Individual counselors, also referred to as personal therapists or talk therapists, offer one-on-one counseling sessions to address various mental health concerns, including anxiety. These professionals provide a supportive and non-judgmental environment where you can discuss your feelings, fears, and struggles. Individual counseling can help you identify the root causes of your anxiety, develop coping skills, and improve your overall mental well-being.

Family Therapists

Family therapists specialize in addressing issues that impact the dynamics and functioning of families. If your anxiety is significantly influenced by family-related factors, such as conflict or trauma, seeking the assistance of a family therapist can be beneficial. They can help improve communication and understanding among family members, enhance relationships, and create a more supportive environment for managing anxiety.

Behavioral Therapists

Behavioral therapists focus on analyzing and modifying problematic behaviors that contribute to anxiety. They utilize techniques such as behavior modification, exposure therapy, and relaxation training to help individuals gain control over their anxiety symptoms. Behavioral therapy can be particularly effective for specific anxiety disorders, such as phobias or obsessive-compulsive disorder.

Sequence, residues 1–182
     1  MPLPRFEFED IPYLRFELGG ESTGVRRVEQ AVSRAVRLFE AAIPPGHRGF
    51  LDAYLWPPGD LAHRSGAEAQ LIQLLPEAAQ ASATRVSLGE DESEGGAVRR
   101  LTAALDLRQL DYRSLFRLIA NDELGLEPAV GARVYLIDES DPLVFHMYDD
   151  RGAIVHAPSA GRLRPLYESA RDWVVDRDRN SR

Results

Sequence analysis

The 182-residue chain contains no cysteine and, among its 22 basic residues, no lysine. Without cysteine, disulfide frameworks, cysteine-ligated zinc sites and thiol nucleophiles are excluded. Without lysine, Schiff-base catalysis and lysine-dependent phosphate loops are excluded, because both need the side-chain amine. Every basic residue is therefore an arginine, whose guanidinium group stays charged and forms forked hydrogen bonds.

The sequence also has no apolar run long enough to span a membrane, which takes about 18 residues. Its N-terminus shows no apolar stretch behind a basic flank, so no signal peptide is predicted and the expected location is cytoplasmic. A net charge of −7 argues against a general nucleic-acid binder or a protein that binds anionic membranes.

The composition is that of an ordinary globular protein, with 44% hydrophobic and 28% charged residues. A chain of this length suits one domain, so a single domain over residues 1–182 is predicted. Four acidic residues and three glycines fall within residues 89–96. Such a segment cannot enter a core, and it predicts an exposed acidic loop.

Cognitive-Behavioral Therapists

Cognitive-behavioral therapists combine cognitive therapy and behavior therapy techniques to address anxiety and related disorders. They help individuals identify negative thought patterns and develop healthier ways of thinking. Cognitive-behavioral therapy aims to change unhelpful thinking and behavior patterns that fuel anxiety, promoting a more positive and adaptive mindset.

Marriage and Couples Therapists

Marriage and couples therapists specialize in addressing relationship issues. If your anxiety is affecting your romantic relationship or you and your partner are both struggling with anxiety, couples therapy can be extremely helpful. This form of therapy focuses on improving communication, intimacy, and problem-solving skills, ultimately reducing anxiety and strengthening the bond between partners.

Who To Talk To About Anxiety: Support Groups

Anxiety Support Groups

Joining an anxiety support group can provide you with a sense of community and understanding. These groups are typically led by a mental health professional or a trained facilitator. By sharing experiences and learning from others, you can gain valuable insights and strategies for managing anxiety. Support groups often foster a safe and non-judgmental space where you can express yourself freely and receive emotional support.